So the kid is not bouncing off the walls, but he is running around a little, talking, looking at things, asking questions.  This is normal behavior in a toddler, wouldn’t you think?  But he is a good boy, the youngest of my grandchildren, and my favorite right now because he’s not talking too much.  This will all change as he gets older.  He listens to my wife, and he helps her (as much as a child can.)  She brought a few toys for him, and some paper and crayons.  I was told it could be a couple of hours, total.  For a child with his whole life ahead of him, that is an eternity.  For me, a couple of hours is nothing.  For my wife watching him, a couple of hours in a waiting room with him is two weeks in a timeshare in hell.  Time is subjective.
  I was in relative comfort, for now.  But soon… 
  I filled out forms, I answered more questions than I asked, then waited.  Then went in the room, and waited.  Then took off my clothes and put on the stylish backless skirt, and waited.  And now I was being rolled into the THE ROOM.  THE ROOM is different from the room.  The room is where I wait.  THE ROOM is what I had been waiting for.
  I rolled in, and the doctor greeted me, and looked at the chart where all of my information had been, and asked me a question.  "Why are you having this test?"
  I paused.  I pondered.  I thought.  I weighed and measured.  Why?  Why were they asking me yet again?  this was the fourth time in an hour I had been asked this question.  The answer had been written down and read by each person who asked it, before they asked.  And yet, again, they ask.  What manner of psychological torture was this?  Or what interrogation technique?  What new information did they hope to trick me into divulging?
  Warily, I answered.  "Family history."
  He nodded, my answered matched the secret written answer.  I was told to turn on my side, and while a hot chick was talking to me, her breasts near my face, she secretly slipped a Mickey Finn into my IV.  I was about to ask her to show me her breasts, and suddenly I was out. 
  I was dreaming.
  I dreamt about our yard.  The builder had just finished it, a year and a half after the fact, and seeded and strawed it.  I dreamt that we now had grass growing.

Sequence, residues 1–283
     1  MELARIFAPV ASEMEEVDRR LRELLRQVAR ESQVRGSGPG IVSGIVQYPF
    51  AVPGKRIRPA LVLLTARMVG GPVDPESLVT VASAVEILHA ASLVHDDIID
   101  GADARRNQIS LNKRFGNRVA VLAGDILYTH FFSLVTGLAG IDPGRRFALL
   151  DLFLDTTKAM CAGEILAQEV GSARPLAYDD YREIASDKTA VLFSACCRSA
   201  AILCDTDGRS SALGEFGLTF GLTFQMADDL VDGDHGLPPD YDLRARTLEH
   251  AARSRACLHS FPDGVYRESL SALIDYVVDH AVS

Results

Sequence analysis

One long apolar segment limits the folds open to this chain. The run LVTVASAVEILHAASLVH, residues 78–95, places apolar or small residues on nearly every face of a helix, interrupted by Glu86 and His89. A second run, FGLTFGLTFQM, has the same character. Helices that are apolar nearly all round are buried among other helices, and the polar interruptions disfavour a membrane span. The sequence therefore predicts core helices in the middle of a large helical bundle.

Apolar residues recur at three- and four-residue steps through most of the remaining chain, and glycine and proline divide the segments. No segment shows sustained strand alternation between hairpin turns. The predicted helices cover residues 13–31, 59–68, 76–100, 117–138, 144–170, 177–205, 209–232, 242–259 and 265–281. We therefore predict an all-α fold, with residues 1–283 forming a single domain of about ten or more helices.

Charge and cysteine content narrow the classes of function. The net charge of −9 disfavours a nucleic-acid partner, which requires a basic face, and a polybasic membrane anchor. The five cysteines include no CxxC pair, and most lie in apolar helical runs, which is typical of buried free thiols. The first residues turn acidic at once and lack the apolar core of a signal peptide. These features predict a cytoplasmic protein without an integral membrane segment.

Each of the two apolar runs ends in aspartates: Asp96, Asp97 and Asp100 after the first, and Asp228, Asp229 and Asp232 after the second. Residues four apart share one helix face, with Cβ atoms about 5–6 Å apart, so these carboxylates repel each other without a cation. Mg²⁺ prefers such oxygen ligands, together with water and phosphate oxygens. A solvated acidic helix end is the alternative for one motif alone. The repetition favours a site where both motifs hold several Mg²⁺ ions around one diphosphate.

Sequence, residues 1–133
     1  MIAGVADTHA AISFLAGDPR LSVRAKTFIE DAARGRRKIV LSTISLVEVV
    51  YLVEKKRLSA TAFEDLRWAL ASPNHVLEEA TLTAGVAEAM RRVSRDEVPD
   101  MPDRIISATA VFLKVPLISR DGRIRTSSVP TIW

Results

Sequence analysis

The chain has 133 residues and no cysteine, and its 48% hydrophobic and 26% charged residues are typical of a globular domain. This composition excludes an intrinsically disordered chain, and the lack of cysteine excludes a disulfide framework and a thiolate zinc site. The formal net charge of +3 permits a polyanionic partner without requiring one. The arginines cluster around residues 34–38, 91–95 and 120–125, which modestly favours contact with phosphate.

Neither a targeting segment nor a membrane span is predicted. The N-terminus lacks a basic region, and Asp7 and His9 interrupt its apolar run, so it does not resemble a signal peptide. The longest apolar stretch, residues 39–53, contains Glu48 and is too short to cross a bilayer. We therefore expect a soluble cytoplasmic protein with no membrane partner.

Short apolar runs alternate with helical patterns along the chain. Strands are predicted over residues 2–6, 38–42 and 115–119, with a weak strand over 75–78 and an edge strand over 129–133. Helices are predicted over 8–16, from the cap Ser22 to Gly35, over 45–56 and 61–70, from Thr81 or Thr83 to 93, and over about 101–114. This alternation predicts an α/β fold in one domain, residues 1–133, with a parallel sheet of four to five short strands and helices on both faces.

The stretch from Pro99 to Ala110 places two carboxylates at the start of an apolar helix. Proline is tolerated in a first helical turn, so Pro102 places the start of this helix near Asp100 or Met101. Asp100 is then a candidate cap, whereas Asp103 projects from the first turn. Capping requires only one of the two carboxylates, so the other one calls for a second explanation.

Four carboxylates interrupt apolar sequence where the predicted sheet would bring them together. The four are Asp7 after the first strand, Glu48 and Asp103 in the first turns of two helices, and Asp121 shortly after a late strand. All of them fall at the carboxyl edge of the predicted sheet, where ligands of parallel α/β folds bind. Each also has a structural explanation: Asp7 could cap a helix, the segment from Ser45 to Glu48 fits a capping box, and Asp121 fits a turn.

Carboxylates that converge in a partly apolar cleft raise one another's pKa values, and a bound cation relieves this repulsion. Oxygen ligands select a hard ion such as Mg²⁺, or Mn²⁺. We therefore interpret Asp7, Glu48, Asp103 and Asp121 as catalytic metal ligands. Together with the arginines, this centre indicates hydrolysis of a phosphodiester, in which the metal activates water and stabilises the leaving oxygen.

Pretty mundane thing to dream about.  I mean, in the dream, I did have an aquarium in the garage with a whale in it, and I could fly, and I had sex with a supermodel, but other than that, yeah, pretty normal.
  Soon, I felt I was waking.  I felt a. . . something, in my butt, pulling out of my butt, and a towel wiping my butt.  All-in-all, much like a bad date.
  I was about to say something, let them know I was waking and shouldn’t feel this, so I opened one eye.
  The hot chick was there.  She smiled.  "There you are!  All done now."
  I may have answered.  Hard to flirt with a woman after she has seen a tube shoved up my ass, but I was going to try.  They threw the sheet over my butt and wheeled me out.
 
 
 
 
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2 Comments »

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  1. wasn\’t so bad, was it? I actually woke up while the thingy was still up my butt and I got to watch it on the TV screen… I was stoned and at the time it seemed like the coolest thing I\’d ever seen on TV!! I vaguely recall asking "is that ME? wow! cool!".
    And yes, Bry, if I believed in Hell I\’d most likely be a resident there when I\’m done here.  But  since you\’d be there with me, would it really be so bad?
    I had a pretty good day today, want to help me celebrate? I\’m in a really good mood!!!! *smile*
     
    hummmming hugs and kisses

  2. well glad that you got it over with and hope that the results are okay. Sounds like a rough day. Sorry.
    I agree about Ridilin – they tried to put me on it after my brain injury and I swear it is the weirdest drug…I felt like I was going 20 mph and the whole world was doing 120 mph – I wasn\’t concentrating harder or better…I was just looking at the only object that wasn\’t moving! THey think the kids are reading the chalkboard suddlenly and sitting in their seats – nope – those poor kids are trying to make the world slow down to their pace so they can reacclimate themselves before falling out of their chairs. – patti